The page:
Second only to sultry summer days, August is known for “Decoration Day” or “Memorial Day” for those who tend the many church- and community-based cemeteries in the South.
Itawamba County is no stranger to the time-honored tradition of clearing graves, placing new flowers and gathering for “dinner on the grounds.” The custom dates back decades.
Recent renovations to Stephens Cemetery Church just outside Mantachie were completed in anticipation of their Decoration Day. Family members of those laid to rest in the cemetery have met in the church since 1937. Keeping the tradition, as well as keeping the grounds in order, remains a priority for those who have loved ones buried there.
“Every person in the past that has worked to keep this cemetery up is now laid to rest here,” cemetery committee member Nina Googe told The Times. “This place is filled with memories.”
The cemetery’s namesake was Molly Stephens, who gave her land for its purpose. The original church building was wiped out in 1936 by the destructive tornado that devestated Tupelo and then made it’s way through Itawamba County. The church was rebuilt with wood and labor furnished by families in and around Mantachie the following year.
The first expansion was donated by Cecil Thornton with the stipulation that persons laid to rest there must have family ties to those already buried in the cemetery. Their most recent expansion was given by Duane Thornton.
Googe said she has many memories of gathering inside the small, one-room church for Decoration Day and the preparations that surrounded the event.
One particular memory she elaborated on was “scraping the ground,” where any sprigs of grass seen in the cemetery would be scraped up with a hoe. Googe said she vividly recalls being around 10 years old and gathering at the cemetery for the formidable task.
“They would gather up every kid in the country and say, ‘Alright we’re giving y’all a hoe now and ain’t y’all happy!’ And the scrapping would begin,” she said.
After decades of barren grounds, Googe’s father, Harold Graham purchased grass seed and gathered with others using hand held seed sowers to sow the grounds, ending decades of scraping the ground.
Once the grounds were readied for new flowers to be placed, families would gather at the church on Saturday night for gospel singing.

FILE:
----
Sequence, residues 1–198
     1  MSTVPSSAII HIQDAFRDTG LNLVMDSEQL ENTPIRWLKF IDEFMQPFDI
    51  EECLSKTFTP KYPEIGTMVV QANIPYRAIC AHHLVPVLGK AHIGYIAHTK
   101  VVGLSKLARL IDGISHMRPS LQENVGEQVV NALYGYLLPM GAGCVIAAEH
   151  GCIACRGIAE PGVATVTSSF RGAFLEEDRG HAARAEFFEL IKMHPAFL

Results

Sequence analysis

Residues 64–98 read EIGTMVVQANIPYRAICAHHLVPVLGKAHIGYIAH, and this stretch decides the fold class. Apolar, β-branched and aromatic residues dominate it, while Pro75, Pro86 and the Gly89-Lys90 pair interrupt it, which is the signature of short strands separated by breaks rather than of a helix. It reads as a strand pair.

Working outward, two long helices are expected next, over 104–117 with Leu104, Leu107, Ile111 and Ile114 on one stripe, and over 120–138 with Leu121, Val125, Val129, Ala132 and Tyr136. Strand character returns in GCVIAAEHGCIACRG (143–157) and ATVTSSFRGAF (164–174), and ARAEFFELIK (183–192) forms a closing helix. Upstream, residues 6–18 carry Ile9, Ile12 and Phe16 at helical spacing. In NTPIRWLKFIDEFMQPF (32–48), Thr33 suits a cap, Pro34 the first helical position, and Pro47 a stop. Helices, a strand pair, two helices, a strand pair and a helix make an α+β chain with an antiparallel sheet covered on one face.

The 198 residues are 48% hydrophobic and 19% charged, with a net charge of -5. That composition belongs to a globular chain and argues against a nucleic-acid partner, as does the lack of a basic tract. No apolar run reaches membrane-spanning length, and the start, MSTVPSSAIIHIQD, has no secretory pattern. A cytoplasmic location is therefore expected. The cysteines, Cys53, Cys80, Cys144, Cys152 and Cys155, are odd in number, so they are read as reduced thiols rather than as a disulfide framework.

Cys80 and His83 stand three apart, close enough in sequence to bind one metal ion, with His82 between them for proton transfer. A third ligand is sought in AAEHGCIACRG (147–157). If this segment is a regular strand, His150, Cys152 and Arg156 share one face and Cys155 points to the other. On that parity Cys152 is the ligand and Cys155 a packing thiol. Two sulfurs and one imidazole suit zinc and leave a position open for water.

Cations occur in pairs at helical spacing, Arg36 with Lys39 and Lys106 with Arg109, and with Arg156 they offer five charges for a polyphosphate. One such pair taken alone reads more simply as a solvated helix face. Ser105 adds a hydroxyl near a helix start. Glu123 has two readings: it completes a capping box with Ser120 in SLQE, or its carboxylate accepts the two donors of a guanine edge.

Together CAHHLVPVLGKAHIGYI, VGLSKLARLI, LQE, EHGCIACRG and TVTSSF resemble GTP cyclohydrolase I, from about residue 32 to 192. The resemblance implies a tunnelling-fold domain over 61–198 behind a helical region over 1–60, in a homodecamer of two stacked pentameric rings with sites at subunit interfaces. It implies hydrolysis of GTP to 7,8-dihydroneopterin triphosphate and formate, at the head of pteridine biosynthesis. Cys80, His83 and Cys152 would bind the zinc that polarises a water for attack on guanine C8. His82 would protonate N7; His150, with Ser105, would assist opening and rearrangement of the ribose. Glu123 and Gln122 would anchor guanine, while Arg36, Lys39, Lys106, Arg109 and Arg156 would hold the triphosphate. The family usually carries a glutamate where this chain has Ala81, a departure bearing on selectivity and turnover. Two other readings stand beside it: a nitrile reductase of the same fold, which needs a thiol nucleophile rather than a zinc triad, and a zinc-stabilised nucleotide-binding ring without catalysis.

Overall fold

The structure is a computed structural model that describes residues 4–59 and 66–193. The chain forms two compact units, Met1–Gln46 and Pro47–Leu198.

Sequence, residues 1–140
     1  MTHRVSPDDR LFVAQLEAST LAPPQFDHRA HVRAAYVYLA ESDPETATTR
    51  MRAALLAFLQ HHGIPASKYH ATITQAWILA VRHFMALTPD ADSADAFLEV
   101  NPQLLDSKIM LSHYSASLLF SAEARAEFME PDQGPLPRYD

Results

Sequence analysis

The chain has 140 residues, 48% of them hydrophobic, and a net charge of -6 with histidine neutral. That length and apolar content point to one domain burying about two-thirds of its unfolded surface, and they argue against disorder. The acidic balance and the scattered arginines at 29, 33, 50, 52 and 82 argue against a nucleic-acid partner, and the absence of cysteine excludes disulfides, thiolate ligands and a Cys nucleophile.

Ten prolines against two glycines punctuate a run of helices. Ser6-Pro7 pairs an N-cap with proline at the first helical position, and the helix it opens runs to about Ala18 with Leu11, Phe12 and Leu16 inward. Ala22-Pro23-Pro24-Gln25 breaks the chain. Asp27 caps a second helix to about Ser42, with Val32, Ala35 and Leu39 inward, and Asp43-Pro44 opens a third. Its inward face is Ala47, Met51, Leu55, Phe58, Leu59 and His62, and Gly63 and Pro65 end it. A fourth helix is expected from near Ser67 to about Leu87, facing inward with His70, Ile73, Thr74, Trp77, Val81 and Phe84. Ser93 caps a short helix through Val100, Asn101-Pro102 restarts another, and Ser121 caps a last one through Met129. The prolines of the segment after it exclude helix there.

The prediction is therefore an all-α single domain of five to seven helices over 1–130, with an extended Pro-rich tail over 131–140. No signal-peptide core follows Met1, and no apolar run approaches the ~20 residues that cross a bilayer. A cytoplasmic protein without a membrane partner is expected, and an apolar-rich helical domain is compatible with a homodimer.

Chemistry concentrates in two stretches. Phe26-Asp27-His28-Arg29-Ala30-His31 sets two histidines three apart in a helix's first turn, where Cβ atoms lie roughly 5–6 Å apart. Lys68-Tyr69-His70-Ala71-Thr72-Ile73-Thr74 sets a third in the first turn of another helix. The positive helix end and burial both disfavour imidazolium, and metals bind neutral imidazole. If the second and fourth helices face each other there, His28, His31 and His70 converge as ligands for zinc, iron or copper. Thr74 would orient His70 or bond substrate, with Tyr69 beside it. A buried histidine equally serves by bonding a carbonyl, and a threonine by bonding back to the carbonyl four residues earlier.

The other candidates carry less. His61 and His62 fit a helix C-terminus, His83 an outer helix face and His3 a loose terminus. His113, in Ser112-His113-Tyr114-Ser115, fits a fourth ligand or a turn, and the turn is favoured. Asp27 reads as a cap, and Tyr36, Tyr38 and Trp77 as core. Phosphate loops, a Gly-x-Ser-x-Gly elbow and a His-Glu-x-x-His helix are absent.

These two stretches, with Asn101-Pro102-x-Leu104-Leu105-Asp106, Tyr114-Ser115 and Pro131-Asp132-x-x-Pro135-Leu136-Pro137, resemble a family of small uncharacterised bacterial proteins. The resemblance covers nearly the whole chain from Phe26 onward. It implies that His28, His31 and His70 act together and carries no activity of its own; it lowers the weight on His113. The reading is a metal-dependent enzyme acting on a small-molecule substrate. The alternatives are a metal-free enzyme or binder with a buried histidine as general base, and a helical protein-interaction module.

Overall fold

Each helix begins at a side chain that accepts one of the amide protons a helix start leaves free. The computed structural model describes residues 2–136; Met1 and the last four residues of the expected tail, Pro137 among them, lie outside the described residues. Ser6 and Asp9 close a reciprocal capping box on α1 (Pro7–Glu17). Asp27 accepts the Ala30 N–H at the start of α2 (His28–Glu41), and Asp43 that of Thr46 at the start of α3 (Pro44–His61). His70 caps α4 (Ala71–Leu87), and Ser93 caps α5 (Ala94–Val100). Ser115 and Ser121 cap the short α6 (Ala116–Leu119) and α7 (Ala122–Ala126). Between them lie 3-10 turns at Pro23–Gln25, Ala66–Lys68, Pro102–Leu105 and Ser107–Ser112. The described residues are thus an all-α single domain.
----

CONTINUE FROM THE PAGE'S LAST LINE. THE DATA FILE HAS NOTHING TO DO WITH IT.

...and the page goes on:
“I’ve seen that singing go on to midnight,” Googe said. “Then everyone would come back for Sunday service. There would be so many cars, you couldn’t find a place to park.”
Prior to Sunday’s service, committee members would sit at the gate on Friday afternoons and all day on Saturday, as they still do today, and take donations for the cemetery’s upkeep.
Kristi Wagster recalls days when Mooch Pearce would park his truck with the tailgate down with an old Igloo cooler on the back. He provided a cool drink of water for those who were placing flowers or visiting graves.
“He had those cone-shaped cups and us kids thought that was the grandest thing to get one of those cups,” she said.
After the Sunday morning service, attendees still gather around the concrete tables that sit beneath the large oak trees next to the cemetery. Memories are as plentiful as the favorite dishes that stretch for yards down the table’s lengthy path.
Wagster also recalled drinking water from Mrs. Corene Spradling’s dipper.
“She would bring a card table and sit a large jug on it for everyone to get a drink of water out of with her dipper,” she said. “I think it’s wonderful that her daughters, Inez and Dorothy Sue still bring their mother’s dipper to the dinner.”
Googe and Wagster noted other familiar family names that have worked throughout the years to make the Stephens Cemetery what it is today, Kirksey, Spradling, Wilburn and Poteet.
“There are just so many that have given,” Googe said. “We would not have the beautiful place we have today if were not for them. We appreciate all that have given.”
The cemetery now has more than 800 documented graves dating back to the 1800s. The true number may never be known, however: The tornado took several headstones and the number of graves belonging to slaves are not chronicled.
To honor all who have served, an American flag is placed on every veteran’s grave in the cemetery for Decoration Day.
“It is one of the most beautiful sights to stand on this hillside and look out across the graves of so many who have served,” Wagster said. “It always brings tears to my eyes.”
Like many memorial church services, Stephens Cemetery rotates each year among denominations. Last year the Holiness Church held the service, this year will be Baptist. Singing begins at 10 a.m. and preaching begins at 11:30 a.m.